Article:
The Spring 2014 Anime Preview Guide Dragonar Academy
Review: One of the most frustrating (and least rewarding) parts of trying to construct a good review is coming up with the numerical score. Numbers are the least effective tools for discussing art, but they're the part people are most likely to gravitate towards and obsess over. Thankfully, shows like Dragonar Academy make choosing a rating easy, by presenting us with the most anime thing to ever anime, competent and comfortable in every way, while excelling and innovating at absolutely nothing. It's as middle of the road and expected a creation for its time that anyone can hope for: fantasy, teen protagonists, pretty buxom girls, fantasy world high school setting with a simple story told mostly through hackneyed dialogue, and decent-to-good animation of completely generic art assets to carry the whole package.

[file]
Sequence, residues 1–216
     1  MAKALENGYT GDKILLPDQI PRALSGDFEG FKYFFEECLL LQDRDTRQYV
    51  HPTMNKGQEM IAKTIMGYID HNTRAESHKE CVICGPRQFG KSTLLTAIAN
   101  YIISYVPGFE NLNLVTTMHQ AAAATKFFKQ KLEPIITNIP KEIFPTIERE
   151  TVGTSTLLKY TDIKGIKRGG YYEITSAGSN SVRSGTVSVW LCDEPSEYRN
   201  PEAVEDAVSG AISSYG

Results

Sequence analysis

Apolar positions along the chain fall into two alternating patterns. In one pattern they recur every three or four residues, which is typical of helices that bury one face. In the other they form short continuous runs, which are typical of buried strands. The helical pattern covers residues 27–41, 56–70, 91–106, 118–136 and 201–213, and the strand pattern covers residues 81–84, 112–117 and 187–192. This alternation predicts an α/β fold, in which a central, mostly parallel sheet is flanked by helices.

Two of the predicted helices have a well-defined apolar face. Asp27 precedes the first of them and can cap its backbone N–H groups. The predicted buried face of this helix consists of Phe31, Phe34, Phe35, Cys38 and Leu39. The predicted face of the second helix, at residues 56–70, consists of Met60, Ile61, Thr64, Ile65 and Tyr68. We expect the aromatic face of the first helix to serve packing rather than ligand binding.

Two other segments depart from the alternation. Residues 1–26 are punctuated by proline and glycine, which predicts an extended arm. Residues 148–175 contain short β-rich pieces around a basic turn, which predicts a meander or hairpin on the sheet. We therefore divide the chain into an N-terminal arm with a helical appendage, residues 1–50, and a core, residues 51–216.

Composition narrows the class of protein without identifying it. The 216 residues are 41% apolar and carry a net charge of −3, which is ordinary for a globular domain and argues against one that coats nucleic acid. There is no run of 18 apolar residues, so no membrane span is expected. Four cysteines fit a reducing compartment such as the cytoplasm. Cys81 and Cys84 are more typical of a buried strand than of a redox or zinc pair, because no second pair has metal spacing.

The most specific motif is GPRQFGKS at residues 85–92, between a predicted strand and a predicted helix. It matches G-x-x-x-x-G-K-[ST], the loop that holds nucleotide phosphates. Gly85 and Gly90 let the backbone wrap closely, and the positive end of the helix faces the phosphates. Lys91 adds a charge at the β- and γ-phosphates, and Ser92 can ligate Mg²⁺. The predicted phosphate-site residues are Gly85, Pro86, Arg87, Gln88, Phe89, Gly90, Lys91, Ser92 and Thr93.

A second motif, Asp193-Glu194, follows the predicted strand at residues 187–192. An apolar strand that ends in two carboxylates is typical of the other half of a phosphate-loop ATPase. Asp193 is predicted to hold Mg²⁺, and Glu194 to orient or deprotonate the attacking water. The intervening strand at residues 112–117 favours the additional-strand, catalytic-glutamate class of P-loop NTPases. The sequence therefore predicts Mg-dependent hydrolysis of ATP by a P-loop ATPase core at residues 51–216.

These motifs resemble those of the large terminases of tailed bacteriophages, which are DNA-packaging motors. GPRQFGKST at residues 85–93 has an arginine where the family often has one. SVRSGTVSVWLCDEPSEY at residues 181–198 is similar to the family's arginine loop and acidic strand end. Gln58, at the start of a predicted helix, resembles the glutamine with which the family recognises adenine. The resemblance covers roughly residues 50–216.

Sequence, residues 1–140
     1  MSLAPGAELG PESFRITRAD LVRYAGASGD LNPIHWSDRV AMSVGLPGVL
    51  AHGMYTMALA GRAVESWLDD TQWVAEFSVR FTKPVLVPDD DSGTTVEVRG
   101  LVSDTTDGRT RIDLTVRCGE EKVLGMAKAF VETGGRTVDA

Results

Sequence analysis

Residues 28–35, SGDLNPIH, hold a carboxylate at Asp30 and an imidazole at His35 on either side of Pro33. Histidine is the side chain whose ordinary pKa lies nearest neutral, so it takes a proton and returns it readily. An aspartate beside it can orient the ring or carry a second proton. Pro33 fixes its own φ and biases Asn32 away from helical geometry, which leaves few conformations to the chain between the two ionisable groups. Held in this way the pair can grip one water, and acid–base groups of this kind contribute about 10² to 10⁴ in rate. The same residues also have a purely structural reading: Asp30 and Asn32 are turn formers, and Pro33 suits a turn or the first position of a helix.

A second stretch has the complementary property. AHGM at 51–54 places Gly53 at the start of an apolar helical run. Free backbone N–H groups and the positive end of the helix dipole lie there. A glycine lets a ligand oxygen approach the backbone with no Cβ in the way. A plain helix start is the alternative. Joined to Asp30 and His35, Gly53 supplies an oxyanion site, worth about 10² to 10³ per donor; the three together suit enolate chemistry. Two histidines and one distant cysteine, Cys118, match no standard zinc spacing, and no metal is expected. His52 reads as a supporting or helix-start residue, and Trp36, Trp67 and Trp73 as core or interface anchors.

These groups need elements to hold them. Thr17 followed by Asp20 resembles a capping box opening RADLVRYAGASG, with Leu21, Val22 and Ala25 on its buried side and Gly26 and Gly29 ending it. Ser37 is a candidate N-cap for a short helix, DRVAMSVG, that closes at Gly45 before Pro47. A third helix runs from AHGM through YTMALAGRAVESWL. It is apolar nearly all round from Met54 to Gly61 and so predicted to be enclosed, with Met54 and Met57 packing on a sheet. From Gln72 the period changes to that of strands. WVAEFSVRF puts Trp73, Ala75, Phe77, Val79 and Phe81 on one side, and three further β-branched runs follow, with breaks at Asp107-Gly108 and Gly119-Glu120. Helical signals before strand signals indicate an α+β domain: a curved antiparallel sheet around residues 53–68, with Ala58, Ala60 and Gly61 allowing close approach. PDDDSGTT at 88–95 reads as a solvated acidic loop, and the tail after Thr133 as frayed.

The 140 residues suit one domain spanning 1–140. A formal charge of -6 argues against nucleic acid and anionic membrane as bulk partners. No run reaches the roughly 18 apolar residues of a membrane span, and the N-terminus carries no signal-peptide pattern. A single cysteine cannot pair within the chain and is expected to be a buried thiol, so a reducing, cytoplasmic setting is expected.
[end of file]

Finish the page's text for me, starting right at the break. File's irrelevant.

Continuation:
Our protagonist Ash goes to a dragon-riding school for dragon riders, as we learn through several rounds of "as you know" dialogue from familiar faces like the mischievous best friend, capricious valedictorian, and standoffish female rival/potential love interest. He's an oddball though, because a dragon rider's special dragon should be born to them before age 16, but his dragon hasn't shown up yet, so he's made fun of as a problem child. Ash takes it reasonably in stride while still reacting with a little temper, so he seems likable, but not like a pushover, and can be maximally relatable to any teen out there who feels a little misunderstood. Little does he know that his chosen dragon is right around the corner, but she's different/better from all the other dragons and appears in human form, so she can be his other love interest and save the world alongside him after they embrace in a swirl of magic particles or some nonsense. It's not ineffective storytelling, but you can definitely write the rest without trying very hard.